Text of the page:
Doctor insights on:
Side Effects Of Increasing Zoloft
Would side effects be present with increasing Zoloft (sertraline) dosage of 25 to 50mg? Although no bad side effects when taking 25mg, but many with 50mg.
In my practice, I start most adults on zoloft (sertraline) at 50 mgs daily, and they do well. I then have them increase the dose to 100 - 200 mgs gradually, so they can be at a therapeutic dose.
If you are having side effects now, see your physician and discuss all of your medications, over the counter medicines, and concerns. It may be that your side effects are due to medication interactions. ...Read more
I've been on Zoloft 50MG for a week, I've found relief, almost no side effects, it's not prescribed, would increasing the MG help more?
Just started Zoloft (sertraline) 25 mg last night. I don't have any side effects so far. When will I get bad side effects. Does it happen immediate or weeks?
My pdoc said that I can up the Zoloft (sertraline) dose from 150 to 200mg if I feel 150 doesn't help enough. Would upping it be wise? (i had 0 side effects so far)
Zoloft (sertraline): Zoloft (sertraline) can be raised to 200mg safely, in general -- but I'm wondering what the diagnosis is? You list "abnormally high sex drive"? Sometimes this can indicate a mood disorder with hypomania or mania -- and taking zoloft (sertraline) without a mood stabilizer can worsen that. I suggest consulting with a psychiatrist about your diagnosis and your medication. There may be more effective options for you. ...Read more
Most common ones: The most common ones (not possible to include all in 400 characters) are restlessness, mild headache, and mild stomach upset or loosening of stools. Each occurs in about 15% of people and usually go away in 2-3 weeks. Uncommomly, suicidal thinking may worsen at first, so be carefully monitored by a therapist. Over the long run there may be mild weight gain and sexual problems. ...Read more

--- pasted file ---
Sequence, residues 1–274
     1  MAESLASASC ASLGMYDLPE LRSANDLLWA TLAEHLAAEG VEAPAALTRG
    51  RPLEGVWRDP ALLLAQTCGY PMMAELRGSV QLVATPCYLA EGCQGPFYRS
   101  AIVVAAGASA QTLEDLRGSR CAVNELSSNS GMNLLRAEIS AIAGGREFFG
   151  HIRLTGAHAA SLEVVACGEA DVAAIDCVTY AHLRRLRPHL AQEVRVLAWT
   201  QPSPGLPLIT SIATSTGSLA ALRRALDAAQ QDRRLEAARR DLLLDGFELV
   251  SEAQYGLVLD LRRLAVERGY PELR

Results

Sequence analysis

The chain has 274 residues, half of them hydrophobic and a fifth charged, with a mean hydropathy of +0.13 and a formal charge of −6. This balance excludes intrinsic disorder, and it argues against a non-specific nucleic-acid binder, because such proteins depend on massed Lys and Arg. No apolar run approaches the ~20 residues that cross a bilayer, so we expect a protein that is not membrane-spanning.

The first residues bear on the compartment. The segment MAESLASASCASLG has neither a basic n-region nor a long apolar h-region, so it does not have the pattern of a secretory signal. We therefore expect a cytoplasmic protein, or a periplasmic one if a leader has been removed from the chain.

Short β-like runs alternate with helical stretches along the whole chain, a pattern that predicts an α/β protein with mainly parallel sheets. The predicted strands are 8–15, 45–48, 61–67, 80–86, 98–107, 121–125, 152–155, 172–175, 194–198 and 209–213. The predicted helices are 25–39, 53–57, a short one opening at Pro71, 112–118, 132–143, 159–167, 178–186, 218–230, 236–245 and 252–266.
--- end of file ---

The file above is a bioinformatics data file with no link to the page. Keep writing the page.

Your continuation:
Zoloft (sertraline): Potential side effects include dry mouth, increased sweating, headache, tremor, loose bowel movements, nausea, vomiting, heartburn, decreased libido or other sexual side effects, palpitations, chest discomfort, back pain, myalgias, yawning, ringing in the ears, difficulty sleeping, feeling more sleepy, fatigue, feeling more anxious & change in appetite. ...Read more
Sorry question not really clear. Are you asking how to taper off of zoloft (sertraline) and avoid side-effects or are you having side effects from the zoloft (sertraline)?
To get off zoloft (sertraline) first speak with your physician and discuss the pros and cons. You taper off slowly over time like every 2-4 weeks depending on the dose. If you have side effects then speak with your physician. ...Read more
Zoloft (sertraline) can have: Side effects. (In fact, all medications can have side effects). Sertraline, an SSRI may result in mild side effects that include GI side effects, ejaculatory dysfunction, headache, dry mouth. Rarely, more serious side effects including suicidality, mania, seizures, hyponatremia can occur. Talk with ur MD about the expected risks/benefits & side effects of sertraline in ur particular case. Be well! ...Read more
Dysfunctional: If the side effects are impacting your health, or causing you so much distress you are not functioning in your personal or professional life, you should discuss alternative medications with your psychiatrist. ...Read more